What Does This Mean? The study indicates that intraocular injections of anti-VEGF therapy are better than laser treatment for diabetic macular edema.  If you watch the internet, many “authorities” will start proclaiming that this is a new, and better, treatment for diabetic macular edema.  But we should be cautious.

First, the best studies require that the “studies” are prospective, randomized and double-blinded.  These studies are prospective (vs. retrospective), randomized to treatments options, and basically, no one knows what treatment is administered, including the doctors and patients.  This helps remove bias and placebo effects.  This also means, in a study like this, “fake” lasers would have been performed along with “sham” injections.  After the study, a code would be cracked to disclose which treatments were given to which patients.

Second, the study is too small and too short to have allow any significant meaning.  “Statistical significance” means that an adequate number of patients were studied such that the results could not have occurred by chance.  I don’t know the actual number of patients needed, but most likely would have involved hundreds instead of tens and would have involved more than one testing center.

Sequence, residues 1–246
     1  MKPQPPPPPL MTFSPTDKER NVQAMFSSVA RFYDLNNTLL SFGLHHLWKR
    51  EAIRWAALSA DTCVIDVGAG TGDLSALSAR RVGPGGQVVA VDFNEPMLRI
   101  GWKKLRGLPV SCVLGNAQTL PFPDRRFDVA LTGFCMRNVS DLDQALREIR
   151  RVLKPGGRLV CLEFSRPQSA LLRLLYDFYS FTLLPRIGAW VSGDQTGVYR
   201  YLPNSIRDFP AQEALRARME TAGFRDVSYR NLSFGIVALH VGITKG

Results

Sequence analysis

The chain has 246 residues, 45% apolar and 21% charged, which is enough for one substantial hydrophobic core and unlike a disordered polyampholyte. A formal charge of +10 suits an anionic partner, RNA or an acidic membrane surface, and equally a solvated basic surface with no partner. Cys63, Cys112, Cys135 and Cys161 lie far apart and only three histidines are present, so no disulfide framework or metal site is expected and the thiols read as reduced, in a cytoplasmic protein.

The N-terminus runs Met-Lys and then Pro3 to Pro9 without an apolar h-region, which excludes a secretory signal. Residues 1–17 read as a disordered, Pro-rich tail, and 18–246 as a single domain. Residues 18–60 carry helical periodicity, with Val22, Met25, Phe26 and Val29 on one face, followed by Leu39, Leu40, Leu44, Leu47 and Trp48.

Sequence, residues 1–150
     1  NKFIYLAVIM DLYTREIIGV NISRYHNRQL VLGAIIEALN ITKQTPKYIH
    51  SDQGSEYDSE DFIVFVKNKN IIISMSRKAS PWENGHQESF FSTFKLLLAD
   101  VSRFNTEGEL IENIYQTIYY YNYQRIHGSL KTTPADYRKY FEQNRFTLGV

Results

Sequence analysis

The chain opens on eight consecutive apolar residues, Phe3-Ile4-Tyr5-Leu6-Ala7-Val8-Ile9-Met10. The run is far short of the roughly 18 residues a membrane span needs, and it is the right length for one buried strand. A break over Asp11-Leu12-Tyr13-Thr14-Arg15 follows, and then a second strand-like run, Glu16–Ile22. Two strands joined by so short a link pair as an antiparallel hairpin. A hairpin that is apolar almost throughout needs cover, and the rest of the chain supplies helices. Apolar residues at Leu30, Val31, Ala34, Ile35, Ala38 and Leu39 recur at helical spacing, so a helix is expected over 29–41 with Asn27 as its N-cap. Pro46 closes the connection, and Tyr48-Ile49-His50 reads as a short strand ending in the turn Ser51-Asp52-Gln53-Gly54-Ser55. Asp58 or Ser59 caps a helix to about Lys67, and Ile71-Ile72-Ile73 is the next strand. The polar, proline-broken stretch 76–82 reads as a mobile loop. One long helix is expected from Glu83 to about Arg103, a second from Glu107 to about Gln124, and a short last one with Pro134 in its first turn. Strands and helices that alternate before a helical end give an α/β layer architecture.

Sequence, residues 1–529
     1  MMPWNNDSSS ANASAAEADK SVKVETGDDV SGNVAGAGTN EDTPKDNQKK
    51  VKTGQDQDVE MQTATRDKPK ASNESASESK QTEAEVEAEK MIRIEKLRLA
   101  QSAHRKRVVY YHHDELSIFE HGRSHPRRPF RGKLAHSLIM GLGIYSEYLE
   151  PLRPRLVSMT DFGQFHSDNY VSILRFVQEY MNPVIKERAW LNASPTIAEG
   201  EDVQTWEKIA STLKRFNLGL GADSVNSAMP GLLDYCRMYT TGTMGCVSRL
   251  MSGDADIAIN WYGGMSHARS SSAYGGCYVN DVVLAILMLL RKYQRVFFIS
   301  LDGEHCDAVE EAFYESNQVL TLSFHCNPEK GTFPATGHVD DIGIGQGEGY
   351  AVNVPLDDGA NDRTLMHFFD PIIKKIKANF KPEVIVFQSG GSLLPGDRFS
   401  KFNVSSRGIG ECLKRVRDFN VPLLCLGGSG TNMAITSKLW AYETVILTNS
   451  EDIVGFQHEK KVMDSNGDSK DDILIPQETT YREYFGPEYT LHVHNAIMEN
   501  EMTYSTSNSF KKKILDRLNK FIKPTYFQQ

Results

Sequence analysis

We also don’t know if the effects are long-lasting.  We only know there was improvement  in the short period of the study.  Now if the effects are still noted 1-2 years after treatment, for example, then maybe we are on to something.

Last, many aspects of the patient selection and treatment are not standardized.  For example, we don’t know if the patient selection was biased in any way that might favor one treatment over another.  For example, perhaps everyone in one group had better sugar control than the other.

My point is, that studies such as this are suspect due to many shortcomings.  Proper prospective, randomized, double-blinded studies take years to develop, perform and analyze.  The AREDS1 Study is an example.  These studies also take large reserves of cash.

The value of these studies is; however, that if similar “small” studies have similar themes, then these may serve as a nidus to create and form much larger, more formidable studies.  Also, for the clinicians (aka yours truly), it also gives us information about alternative treatments that seem viable.


Randall V. Wong, M.D.
Ophthalmologist, Retina Specialist
Fairfax, Virginia

Reblog this post [with Zemanta]

Retina Laser Treatment Saves Vision